2.4% of asymptomatic health care workers at work in Birmingham were carriers of the SARS-CoV-2 virus and over a third of those individuals subsequently became unwell with symptoms of COVID-19, a new cross-sectional study by researchers at the University of Birmingham and University Hospitals Birmingham NHS Foundation Trust has found.
Led by immunology experts at the University of Birmingham, the study was undertaken to determine current infection by SARS-CoV-2 using nasopharyngeal swabs for viral carriage and to determine previous infection by SARS-CoV-2 by testing blood for anti-SARS-CoV-2 antibodies. 554 asymptomatic health care workers at UHB were recruited over a 24 hour period between 24th and 25th April 2020 for coronavirus testing.
The study demonstrated asymptomatic carriage of SARS-CoV-2 in 2.4% of health care workers highlighting the importance of transmission within hospitals. Over a third of these individuals subsequently became unwell with symptoms of COVID-19 suggesting that screening could be effective in reducing viral transmission in hospitals through the earlier identification and isolation of viral carriers before they become symptomatic.
Antibody testing helps identify individuals that have previously been exposed to the virus by measuring their immune response against it. Overall 24.4% of health care workers were found to be antibody positive at the time of the study, much higher than the equivalent general population rate, highlighting the occupation risk of working in a hospital. Notably 17.1% of individuals had developed antibodies to the virus without experiencing any symptoms of COVID-19, providing further evidence for asymptomatic carriage.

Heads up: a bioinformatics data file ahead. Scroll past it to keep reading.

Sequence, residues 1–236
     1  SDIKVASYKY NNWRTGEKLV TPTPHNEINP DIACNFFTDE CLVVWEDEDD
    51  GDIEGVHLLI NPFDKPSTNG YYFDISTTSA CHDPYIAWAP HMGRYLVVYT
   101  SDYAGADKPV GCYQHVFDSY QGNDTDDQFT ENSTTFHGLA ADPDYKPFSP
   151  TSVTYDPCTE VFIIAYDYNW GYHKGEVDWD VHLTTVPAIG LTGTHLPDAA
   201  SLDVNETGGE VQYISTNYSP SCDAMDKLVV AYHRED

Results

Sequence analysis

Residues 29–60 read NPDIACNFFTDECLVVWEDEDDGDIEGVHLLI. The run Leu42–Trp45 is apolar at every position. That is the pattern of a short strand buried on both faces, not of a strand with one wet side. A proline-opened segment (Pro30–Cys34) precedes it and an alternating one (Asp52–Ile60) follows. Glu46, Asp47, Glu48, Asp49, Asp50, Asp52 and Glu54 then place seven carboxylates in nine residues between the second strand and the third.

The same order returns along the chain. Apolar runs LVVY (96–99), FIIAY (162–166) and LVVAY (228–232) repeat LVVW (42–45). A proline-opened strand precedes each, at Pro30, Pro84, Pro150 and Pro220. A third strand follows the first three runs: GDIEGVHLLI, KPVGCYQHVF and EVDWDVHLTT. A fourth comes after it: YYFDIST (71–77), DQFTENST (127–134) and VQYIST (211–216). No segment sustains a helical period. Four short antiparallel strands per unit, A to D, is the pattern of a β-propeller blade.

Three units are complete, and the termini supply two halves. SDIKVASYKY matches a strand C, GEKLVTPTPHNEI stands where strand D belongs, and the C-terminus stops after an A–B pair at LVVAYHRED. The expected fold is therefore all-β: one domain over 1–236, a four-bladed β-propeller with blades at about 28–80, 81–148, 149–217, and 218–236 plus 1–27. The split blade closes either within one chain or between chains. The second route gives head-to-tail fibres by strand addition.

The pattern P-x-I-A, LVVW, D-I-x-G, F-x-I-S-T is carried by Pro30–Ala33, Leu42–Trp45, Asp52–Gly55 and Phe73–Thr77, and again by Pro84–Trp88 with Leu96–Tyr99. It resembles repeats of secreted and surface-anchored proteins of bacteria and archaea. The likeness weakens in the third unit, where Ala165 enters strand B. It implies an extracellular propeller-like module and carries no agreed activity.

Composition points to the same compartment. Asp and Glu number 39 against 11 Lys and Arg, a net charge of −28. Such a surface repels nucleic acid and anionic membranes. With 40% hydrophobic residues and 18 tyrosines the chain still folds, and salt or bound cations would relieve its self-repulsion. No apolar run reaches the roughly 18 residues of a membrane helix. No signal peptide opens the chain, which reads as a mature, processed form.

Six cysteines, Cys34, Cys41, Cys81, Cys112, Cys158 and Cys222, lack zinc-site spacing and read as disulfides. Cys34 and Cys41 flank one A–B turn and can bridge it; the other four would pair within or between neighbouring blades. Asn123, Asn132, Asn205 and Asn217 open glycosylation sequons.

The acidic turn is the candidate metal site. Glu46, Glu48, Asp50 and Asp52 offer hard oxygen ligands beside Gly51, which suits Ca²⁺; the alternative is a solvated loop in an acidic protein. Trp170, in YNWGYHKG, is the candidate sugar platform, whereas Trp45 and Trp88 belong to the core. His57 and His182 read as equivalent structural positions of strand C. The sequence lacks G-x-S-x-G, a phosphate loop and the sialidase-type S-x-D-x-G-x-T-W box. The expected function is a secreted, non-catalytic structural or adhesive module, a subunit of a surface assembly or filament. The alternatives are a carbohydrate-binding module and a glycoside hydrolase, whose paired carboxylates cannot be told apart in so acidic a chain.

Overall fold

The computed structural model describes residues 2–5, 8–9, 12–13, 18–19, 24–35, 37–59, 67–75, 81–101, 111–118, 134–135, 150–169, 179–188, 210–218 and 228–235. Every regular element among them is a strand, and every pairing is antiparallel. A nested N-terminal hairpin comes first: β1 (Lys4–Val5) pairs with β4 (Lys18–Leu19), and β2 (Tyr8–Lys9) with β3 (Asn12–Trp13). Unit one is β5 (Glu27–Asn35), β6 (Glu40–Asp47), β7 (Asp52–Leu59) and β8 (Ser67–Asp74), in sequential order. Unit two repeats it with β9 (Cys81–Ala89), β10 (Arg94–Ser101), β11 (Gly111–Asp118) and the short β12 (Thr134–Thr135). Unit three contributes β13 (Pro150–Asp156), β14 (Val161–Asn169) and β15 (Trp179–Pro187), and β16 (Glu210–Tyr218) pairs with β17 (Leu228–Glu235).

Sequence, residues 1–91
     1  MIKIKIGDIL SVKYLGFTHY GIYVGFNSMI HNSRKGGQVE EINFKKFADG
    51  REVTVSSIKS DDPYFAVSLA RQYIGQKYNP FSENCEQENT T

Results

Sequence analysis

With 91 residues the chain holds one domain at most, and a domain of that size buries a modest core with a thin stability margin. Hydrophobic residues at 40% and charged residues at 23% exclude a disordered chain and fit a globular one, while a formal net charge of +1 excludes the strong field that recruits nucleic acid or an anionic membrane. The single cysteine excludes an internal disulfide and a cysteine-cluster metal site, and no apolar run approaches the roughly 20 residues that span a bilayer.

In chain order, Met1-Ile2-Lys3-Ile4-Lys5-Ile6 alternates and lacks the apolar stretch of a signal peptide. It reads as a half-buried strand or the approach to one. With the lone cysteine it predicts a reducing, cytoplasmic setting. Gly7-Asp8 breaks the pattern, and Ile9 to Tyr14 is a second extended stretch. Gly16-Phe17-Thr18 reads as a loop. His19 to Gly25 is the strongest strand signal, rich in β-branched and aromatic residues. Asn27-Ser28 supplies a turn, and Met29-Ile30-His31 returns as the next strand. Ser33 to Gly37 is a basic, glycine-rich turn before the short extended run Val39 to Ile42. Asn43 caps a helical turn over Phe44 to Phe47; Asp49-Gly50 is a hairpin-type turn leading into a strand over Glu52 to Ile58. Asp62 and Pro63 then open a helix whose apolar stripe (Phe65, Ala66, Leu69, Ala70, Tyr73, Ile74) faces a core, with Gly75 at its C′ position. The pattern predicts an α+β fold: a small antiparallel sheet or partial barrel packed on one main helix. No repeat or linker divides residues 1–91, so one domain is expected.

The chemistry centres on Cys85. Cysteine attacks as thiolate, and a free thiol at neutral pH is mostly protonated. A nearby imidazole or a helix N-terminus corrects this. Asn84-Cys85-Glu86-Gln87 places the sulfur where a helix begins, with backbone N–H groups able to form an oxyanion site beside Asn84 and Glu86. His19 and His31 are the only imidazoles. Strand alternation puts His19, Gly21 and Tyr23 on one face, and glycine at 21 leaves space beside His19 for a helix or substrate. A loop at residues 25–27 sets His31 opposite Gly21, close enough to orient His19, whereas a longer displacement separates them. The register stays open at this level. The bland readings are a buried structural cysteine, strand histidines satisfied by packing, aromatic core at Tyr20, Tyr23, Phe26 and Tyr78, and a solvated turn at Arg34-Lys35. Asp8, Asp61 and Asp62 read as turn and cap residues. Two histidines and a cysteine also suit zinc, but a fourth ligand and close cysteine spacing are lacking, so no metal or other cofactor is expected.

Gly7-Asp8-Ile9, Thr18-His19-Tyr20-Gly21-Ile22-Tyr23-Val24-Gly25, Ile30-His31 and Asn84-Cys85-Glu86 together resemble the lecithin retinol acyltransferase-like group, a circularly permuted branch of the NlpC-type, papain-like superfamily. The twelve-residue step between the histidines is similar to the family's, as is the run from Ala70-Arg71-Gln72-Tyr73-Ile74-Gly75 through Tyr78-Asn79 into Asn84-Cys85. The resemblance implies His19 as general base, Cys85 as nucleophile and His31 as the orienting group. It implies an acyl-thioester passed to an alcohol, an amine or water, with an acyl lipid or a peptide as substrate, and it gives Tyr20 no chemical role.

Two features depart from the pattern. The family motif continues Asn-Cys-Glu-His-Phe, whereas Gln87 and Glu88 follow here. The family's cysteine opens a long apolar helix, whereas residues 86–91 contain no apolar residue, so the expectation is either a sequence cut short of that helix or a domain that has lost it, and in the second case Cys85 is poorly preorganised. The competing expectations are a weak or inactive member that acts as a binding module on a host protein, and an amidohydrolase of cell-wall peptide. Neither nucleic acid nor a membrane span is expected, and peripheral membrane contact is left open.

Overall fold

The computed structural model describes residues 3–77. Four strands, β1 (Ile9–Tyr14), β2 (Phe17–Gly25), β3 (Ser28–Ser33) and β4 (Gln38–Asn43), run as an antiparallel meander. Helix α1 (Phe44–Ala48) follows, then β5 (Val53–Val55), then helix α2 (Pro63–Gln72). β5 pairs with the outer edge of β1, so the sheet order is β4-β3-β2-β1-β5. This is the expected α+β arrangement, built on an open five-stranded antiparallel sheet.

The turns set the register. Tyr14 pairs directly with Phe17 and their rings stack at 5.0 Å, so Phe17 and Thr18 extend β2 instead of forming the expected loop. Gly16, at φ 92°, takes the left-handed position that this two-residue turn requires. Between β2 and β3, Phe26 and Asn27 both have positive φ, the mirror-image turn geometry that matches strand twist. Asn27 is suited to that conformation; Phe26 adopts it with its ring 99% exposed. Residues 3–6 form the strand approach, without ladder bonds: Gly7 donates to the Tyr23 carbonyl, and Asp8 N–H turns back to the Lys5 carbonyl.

Significant differences in antibody positivity were found between hospital departments. The study suggested that housekeepers and individuals working in acute or general medicine were most likely to have been previously exposed to the virus, in comparison to those working in intensive care medicine who were relatively protected despite caring for the sickest COVID-19 patients. As the study was observational, the study did not explore the reasons behind these findings, however, the differences could be down to the different levels of PPE (personal protective equipment) provided in different hospital areas, with those in ITU being allocated FFP3 masks which are believed to afford the highest protection.
Researchers also found that individuals belonging to Black, Asian and minority ethnic (BAME) groups were at significantly greater risk of having a positive antibody result. This difference was not explained by differences in age, gender or external social circumstances between study participants.
This study highlights the occupational risk of infection exposure to health care workers and enables important lessons to be learnt going into this winter and for future viral outbreaks.